Classroom Leadership: From Compliant Kids to Ethical Thinkers

A student walks in late to my class for the fourth day in a row. I pull him aside and explain authoritatively that I will not tolerate his misbehavior.

“This is unacceptable. Your education is important. You need to be here on time. I don’t waste class time and so I expect you to honor our norms.”

He stands there silently, looking away. I move into his vision and add, “Does that make sense.”

He nods his head.

“You’re a good kid,” I say. “You’re a deep thinker and you’re creative and you’re compassionate. I see that in you. I just need you showing up on time. Do you understand?”

He looks at me stone-faced and says, “I understand.”

I leave the conversation feeling good about this interaction. I didn’t shame him. I didn’t yell at him. I didn’t write him up and send him to the office with a fat stack of referrals. Compared to an earlier time in my career, this is a success.

Except it doesn’t change the next day. He walks in again fifteen minutes late. I let it slide. I’m busy and I’m tired and honestly I don’t want to engage in the conflict. So, it slips away that day. And the next. And the day after that. And the next week.

Two weeks later, I pull him aside and point to the attendance sheet.

“You can’t be doing this. What kind of bad habits will this form throughout your educational career?” I use the term “career,” despite the deeper reality that learning doesn’t have an on-the-clock and off-the-clock button.

He shrugs his shoulders.

“I can’t have you showing up late like this. It really is a bad habit. They won’t put up with this in high school.”

“I know,” he says.

“I need you to promise me that you’ll show up on time tomorrow,” I tell him.

“I can’t do that,” he says.

“Fine,” I say, trying my best to keep my composure. It feels like a very deliberate attack on my authority. “But there’s going to be consequences.”

“Okay,” he says.

As I turn to leave, he adds, “I was thinking maybe I could stay after each day and earn those fifteen minutes. What do you think of that?”

“Or you could show up on time,” I tell him.

The day progresses and he shows up on time to everything else. He asks and answers questions. On most levels, he’s thriving. Except, there are times when I sense a vague distance between us. There’s an unspoken tension.

I leave that day realizing that my approach has been all-wrong. I’ve focused on the behavior while ignoring my student. I’ve asked him to make commitments that he outright refuses to make. I’ve threatened him with a punishment. I’ve lectured him on his responsibilities. However, in this obsession with the external behavior, I never bothered to ask for the whole story.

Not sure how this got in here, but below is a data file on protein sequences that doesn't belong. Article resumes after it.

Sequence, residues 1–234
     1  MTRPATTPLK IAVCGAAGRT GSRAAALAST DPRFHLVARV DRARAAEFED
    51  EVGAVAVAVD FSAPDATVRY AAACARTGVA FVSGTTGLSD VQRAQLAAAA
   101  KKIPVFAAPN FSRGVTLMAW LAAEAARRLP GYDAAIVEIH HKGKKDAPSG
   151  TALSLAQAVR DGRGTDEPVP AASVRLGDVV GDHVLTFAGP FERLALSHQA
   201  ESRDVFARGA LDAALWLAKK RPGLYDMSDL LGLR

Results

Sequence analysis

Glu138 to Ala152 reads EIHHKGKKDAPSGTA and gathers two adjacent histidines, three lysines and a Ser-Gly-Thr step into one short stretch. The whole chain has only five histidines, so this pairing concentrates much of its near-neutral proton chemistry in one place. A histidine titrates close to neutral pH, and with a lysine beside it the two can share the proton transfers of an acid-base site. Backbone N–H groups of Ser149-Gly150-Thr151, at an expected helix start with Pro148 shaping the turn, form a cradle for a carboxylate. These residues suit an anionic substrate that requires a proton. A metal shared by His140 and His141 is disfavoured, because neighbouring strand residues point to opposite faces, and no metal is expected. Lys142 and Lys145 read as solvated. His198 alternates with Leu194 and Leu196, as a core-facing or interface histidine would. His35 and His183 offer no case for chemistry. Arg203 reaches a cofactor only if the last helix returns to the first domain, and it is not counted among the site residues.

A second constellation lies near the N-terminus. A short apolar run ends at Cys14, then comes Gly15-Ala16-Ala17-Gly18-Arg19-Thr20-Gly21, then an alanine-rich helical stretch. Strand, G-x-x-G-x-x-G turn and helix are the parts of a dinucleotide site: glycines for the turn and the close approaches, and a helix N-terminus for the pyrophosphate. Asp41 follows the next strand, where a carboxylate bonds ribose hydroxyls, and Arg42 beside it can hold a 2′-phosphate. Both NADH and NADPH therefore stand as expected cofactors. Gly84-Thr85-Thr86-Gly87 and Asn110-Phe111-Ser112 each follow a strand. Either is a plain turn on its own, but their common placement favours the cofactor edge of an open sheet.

So, the next day when he arrives late, I pull him aside. He looks scared this time.

I ask, “Hey, you’re not in trouble. I said that I was going to give you a consequence, but that was a threat. And I’m sorry.”

“It’s okay,” he says.

“No, it’s not okay. I’m sorry. Will you forgive me?”

“Yeah,” he says.

I look him in the eye and add, “I haven’t even bothered to listen to the story. I trust you. I trust who you are and I’m convinced that this wouldn’t be a pattern if it there wasn’t a logical reason.”

“I don’t want to talk about it right now,” he says.


It’s awkward. I want to jump in and fill it up with more reassurances. However, this action of vulnerability is a first step toward repairing trust. I know it sounds weak. I know it feels like I’m giving him all the power. However, there’s a paradox at work here: a leader is only powerful through humility. By voluntarily serving, the leader empowers those he or she serves and the result is a trusting submission from the student.

After school, he stops by my class to explain the story. “So, my sister is being bullied really badly. This started a month ago or so and I promised her that I would stay with her until her classes start.”

“Why didn’t you tell someone?”

“She asked me not to tell. She’s worried they’ll retaliate,” he explains.

“Don’t you trust the school to keep her safe?” I ask.

“Not as much as I trust myself,” he says.

So, with this, I am able to engage in a conversation about responsibility and trust. The student agrees to report the bullying and together they solve the problem.

What’s the Goal?
When I share this story in the staff lounge, the two other teachers disagree with my approach.

“You totally let him off the hook,” a teacher says.

“Yeah, that’s not how the real world works,” the other says.

“But in the real world, I want him showing up to think because he wants to be there. I want him
valuing family and job and education.”

“If he pulls that crap in the workforce, he’ll be fired. Nobody cares in the real world.”

“I disagree. I think people do care. And I think that ultimately, our job is to prepare students to think ethically. I want them to be empowered to do the right thing, not because they might get in trouble, but because it’s the right thing to do.”

A teacher shakes his head. “How many people would speed if we didn’t have cops?”

“How many speed anyway?”

“But that’s not the point. People don’t speed, because they want to avoid punishment.”

“I don’t speed, because it’s dangerous,” I say.

They laugh. “Sure you do.”

“So, you just enforce the rules regardless?” I ask.

“Yeah,” they say simultaneously.

“And what if the rule is bad?”

“Very few rules aren’t bad,” a teacher explains.

“Do you always follow the rules?” I ask.  “I mean, do you do everything right on your lesson plan format?”

“No,” he admits. “But it’s a joke. Why are they making everyone do the exact same thing?”